Fair to the Last Drop: The corporate challenges to fair trade coffee
November 2007, Development Report No. 17
Coffee, Poverty and Crises
Coffee has long stood for both privilege and poverty. Since the time of the colonial coffee booms of the mid 1800s, coffee has been one of the world’s most valuable export commodities, and today is among the top five in gross value of world trade. Worldwide, 25 million people earn their livelihoods from coffee farming, supplying an estimated 500 billion cups of coffee to consumers each year (Public Broadcasting System 2003). However, wealth generated from the coffee trade is not equitably distributed: the price paid for a cup of coffee in the U.S. exceeds half the daily income of many small-scale coffee farmers. Workers on large coffee plantations often earn less than $2.00/day. Typical of the “resource curse” common to oil and gold-producing countries in the Global South, many coffee-producing countries are among the poorest. Ethiopia, the birthplace of coffee, is one of the world’s oldest civilizations. Its quality Sidamo beans can fetch up to $25/lb. at Starbucks. Yet, Ethiopia’s 1.2 million smallholder coffee farmers earn less than $2/day and the country’s per-capita GDP is $130—one-fifth the Sub-Saharan Africa average (World Bank, 2007).
Worldwide, 25 million people earn their livelihoods from coffee farming, supplying an estimated 500 billion cups of coffee to consumers each year.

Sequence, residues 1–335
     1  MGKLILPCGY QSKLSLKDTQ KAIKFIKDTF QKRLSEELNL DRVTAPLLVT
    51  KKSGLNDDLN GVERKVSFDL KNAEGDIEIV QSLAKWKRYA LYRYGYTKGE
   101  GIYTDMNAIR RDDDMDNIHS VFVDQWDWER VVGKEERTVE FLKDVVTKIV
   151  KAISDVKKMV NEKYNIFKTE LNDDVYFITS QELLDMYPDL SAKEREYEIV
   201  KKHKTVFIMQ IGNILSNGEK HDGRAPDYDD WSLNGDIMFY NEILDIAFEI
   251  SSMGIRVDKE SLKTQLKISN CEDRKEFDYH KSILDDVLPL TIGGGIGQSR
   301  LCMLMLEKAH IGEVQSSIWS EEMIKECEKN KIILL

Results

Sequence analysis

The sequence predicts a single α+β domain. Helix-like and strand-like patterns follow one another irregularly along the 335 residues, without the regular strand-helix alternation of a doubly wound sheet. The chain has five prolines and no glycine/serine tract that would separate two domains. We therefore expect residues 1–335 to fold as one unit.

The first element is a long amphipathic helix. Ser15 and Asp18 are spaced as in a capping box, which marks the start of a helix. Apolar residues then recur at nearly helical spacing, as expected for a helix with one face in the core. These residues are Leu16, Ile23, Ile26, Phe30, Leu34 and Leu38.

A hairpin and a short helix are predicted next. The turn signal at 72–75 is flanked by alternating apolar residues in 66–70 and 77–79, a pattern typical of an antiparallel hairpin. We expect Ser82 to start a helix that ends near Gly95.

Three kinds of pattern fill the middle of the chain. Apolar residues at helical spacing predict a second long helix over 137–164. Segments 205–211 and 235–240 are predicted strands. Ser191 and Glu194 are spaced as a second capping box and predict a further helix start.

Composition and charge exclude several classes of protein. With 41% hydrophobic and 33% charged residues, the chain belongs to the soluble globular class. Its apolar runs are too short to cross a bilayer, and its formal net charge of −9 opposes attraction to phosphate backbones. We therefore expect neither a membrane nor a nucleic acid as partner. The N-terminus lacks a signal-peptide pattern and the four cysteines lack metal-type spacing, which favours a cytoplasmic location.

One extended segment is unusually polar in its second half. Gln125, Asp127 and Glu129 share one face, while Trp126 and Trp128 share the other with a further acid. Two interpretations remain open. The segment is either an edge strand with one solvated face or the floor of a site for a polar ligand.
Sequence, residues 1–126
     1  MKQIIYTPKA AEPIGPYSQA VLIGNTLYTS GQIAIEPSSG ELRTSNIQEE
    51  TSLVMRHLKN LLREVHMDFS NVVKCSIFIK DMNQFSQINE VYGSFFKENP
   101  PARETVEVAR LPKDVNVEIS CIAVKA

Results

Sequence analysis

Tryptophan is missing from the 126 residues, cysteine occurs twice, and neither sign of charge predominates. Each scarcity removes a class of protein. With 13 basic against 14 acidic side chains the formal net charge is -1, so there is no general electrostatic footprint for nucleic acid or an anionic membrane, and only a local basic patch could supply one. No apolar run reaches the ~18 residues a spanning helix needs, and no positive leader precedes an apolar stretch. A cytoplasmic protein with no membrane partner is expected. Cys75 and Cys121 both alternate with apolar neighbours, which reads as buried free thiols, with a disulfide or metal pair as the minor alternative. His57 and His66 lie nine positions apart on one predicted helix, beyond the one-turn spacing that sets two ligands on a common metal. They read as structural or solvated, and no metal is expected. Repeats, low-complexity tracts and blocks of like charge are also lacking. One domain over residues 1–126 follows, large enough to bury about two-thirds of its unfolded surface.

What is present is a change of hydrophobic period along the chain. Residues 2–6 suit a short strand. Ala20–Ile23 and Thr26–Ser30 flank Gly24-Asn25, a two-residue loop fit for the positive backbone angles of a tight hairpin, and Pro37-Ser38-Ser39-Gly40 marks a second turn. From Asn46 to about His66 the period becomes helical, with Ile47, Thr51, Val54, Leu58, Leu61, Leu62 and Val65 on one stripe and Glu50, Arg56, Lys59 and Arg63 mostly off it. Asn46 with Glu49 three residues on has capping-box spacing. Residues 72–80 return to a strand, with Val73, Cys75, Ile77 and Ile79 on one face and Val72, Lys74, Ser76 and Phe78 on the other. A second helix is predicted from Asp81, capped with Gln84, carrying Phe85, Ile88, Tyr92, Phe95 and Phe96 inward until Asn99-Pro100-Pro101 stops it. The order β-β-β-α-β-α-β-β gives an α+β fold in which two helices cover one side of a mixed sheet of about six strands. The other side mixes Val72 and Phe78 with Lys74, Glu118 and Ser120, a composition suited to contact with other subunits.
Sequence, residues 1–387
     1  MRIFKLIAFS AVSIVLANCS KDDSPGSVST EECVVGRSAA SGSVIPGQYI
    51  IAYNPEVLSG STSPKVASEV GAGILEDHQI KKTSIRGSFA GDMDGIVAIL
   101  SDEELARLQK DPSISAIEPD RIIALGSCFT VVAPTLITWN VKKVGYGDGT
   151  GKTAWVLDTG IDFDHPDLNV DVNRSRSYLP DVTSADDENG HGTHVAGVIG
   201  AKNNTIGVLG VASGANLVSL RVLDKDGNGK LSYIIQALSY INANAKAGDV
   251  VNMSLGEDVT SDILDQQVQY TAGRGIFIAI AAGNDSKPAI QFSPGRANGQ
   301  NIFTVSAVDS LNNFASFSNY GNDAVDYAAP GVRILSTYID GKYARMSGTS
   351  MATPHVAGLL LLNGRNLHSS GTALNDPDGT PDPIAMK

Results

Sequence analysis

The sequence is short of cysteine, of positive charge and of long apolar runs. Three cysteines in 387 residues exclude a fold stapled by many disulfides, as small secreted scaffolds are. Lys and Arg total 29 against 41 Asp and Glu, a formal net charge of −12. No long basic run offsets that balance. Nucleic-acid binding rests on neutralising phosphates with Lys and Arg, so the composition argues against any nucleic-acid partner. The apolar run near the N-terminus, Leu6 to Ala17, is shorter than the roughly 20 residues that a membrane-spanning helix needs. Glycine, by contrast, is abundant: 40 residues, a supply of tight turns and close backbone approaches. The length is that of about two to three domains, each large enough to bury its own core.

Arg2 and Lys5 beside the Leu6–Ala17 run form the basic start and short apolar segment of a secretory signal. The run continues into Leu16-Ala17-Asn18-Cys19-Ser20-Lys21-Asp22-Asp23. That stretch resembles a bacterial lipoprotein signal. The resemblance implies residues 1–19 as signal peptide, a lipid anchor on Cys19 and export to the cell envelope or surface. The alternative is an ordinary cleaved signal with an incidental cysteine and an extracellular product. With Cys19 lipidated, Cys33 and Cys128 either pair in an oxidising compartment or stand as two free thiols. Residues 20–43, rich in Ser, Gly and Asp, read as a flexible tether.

In an attempt to control fluctuating prices, producing countries signed the first International Coffee Agreement (ICA) in 1962, setting up an export-quota system to control the international coffee supply. A series of ICA agreements and extensions helped producing countries stabilize coffee prices for over two and a half decades. However, after a string of failed agreements and under pressure to deregulate, in 1989 the ICA system fell apart. Without the supply management of the ICA, the price of coffee began to fluctuate at the whim of global markets. The price dropped in the early nineties, recovered briefly, then plunged to a thirty year low in 2001 and 2002, and has only marginally recovered since.
The collapse of coffee prices devastated the local economies of the world’s 25 million coffee farmers. With prices that were far below the cost of production, the living conditions of peasant coffee farmers in Latin America, Africa, and Southeast Asia worsened. Many could not meet their basic nutritional needs. This sudden plunge into extreme poverty became known as the “coffee crisis” (Gresser and Tickell, 2002).
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